When Less is the Thing

I recently visited a group of gardens in and around Boston with the Association of Professional Landscape Designers. It’s always a hyper stimulating time for me with a combination of input that merges other designers’ insights and opinions, seminars presenting both science and design, and visits to the locale’s interesting gardens and landscapes.  After several days of this past conference I found myself longing for the big idea. I found it on the last day in a garden created by two octogenarians in Rhode Island over the past 50 years.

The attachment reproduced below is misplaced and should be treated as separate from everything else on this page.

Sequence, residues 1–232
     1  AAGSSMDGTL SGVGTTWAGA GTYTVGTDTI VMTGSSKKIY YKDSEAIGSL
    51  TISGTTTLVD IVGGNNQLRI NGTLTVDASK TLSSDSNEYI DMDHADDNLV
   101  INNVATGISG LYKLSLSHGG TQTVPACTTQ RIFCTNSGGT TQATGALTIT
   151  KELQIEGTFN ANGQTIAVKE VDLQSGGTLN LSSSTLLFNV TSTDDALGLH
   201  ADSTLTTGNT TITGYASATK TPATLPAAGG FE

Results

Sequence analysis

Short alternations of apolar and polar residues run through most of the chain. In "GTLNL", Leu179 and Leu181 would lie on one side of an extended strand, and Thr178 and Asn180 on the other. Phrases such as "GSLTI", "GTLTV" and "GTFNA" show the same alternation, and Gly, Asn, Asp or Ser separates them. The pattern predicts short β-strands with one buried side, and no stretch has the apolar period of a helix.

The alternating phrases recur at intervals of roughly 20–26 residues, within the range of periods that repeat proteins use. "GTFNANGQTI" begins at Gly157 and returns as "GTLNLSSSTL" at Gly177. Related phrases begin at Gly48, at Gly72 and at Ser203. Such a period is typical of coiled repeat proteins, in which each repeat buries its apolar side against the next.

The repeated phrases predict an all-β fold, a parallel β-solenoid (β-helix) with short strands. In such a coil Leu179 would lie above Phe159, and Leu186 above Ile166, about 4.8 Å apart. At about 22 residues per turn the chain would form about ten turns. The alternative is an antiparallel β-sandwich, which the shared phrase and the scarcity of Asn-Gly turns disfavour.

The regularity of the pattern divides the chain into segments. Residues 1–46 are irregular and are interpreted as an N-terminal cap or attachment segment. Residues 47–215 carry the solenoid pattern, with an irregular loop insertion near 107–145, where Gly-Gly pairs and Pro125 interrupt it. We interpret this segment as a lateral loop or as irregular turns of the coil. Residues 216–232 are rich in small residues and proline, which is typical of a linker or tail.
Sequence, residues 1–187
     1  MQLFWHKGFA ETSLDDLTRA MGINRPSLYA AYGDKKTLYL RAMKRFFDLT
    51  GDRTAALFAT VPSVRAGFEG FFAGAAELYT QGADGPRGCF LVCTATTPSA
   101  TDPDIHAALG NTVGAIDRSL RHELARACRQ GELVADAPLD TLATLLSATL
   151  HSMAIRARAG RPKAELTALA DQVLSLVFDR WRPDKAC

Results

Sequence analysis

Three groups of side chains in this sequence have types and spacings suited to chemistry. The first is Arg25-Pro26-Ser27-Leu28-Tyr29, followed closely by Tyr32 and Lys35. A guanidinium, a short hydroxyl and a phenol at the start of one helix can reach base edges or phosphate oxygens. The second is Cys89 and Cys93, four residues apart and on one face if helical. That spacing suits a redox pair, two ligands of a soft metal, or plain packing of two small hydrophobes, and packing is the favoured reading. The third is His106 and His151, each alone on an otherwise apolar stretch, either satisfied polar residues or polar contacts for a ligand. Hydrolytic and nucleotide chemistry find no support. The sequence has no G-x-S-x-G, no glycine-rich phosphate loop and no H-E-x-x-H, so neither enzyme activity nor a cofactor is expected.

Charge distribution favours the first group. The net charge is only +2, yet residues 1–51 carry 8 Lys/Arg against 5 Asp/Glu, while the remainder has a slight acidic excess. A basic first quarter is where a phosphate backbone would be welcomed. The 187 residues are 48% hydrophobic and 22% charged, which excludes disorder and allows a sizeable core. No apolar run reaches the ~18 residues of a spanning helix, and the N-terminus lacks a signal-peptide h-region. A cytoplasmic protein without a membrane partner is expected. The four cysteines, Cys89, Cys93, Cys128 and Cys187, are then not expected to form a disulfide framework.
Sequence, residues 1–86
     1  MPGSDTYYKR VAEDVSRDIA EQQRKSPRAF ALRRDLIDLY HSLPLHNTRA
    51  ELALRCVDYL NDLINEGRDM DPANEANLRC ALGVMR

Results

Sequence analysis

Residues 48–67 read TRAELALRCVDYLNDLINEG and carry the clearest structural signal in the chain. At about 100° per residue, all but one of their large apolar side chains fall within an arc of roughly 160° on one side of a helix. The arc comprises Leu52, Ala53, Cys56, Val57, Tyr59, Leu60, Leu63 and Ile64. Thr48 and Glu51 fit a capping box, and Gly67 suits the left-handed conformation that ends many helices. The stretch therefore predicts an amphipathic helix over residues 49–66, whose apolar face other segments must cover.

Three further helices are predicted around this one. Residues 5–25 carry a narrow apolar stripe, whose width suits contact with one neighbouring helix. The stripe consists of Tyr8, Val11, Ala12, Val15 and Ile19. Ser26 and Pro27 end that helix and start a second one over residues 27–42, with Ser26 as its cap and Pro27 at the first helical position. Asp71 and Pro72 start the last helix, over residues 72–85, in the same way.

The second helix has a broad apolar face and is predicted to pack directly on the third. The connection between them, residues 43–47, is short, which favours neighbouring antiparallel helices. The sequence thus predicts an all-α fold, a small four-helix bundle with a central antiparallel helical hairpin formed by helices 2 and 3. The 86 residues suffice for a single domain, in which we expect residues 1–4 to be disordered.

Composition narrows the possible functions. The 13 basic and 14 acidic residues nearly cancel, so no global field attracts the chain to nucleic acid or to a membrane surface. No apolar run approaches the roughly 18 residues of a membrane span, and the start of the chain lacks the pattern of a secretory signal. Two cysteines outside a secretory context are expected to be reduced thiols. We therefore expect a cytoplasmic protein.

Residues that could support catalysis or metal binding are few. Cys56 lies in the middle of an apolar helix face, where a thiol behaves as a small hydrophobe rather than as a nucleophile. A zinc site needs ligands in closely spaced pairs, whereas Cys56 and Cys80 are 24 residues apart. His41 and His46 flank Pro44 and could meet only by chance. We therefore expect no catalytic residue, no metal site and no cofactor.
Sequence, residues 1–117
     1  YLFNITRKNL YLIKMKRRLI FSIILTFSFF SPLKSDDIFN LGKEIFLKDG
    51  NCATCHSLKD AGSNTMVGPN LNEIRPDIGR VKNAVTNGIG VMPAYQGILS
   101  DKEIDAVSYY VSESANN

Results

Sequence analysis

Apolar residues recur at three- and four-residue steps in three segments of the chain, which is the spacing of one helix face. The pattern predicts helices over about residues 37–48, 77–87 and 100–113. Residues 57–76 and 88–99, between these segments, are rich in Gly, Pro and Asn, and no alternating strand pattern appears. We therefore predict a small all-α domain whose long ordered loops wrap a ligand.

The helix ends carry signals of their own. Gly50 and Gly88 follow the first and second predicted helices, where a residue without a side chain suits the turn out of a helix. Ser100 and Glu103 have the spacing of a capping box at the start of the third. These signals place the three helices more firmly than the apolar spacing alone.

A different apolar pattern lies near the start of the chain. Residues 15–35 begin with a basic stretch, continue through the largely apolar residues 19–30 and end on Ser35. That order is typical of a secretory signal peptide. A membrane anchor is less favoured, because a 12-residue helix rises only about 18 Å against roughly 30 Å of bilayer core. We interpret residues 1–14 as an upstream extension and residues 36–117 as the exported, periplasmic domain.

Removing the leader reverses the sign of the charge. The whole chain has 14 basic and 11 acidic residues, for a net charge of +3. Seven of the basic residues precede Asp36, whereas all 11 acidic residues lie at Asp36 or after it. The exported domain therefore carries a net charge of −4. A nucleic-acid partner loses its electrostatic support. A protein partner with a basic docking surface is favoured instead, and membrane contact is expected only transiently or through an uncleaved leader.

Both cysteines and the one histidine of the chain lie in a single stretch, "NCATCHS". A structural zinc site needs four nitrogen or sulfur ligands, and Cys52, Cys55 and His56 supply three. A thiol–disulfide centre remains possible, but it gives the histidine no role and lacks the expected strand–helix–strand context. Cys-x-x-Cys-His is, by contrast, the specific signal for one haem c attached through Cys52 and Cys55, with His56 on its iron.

Berta and Nate Atwater have made a landscape that is sublime in its simplicity. Boundary walls of native stone and sweeps of short mowed paths are punctuated with trained and pruned plants. The wild and the cultivated exist side by side and as complements to each other. The big idea for me was the low mowed paths.  These areas of nothing much that allow the eye and mind to rest or wander are what many gardeners would consider unused space to be filled were restful and contemplative. It takes a confidence to allow void to be the thing.  A mowed path through tall meadows and grasses is nothing new and common in large country gardens.  This was different in its short and shorter stature and allowed the views and verticals to sit equally.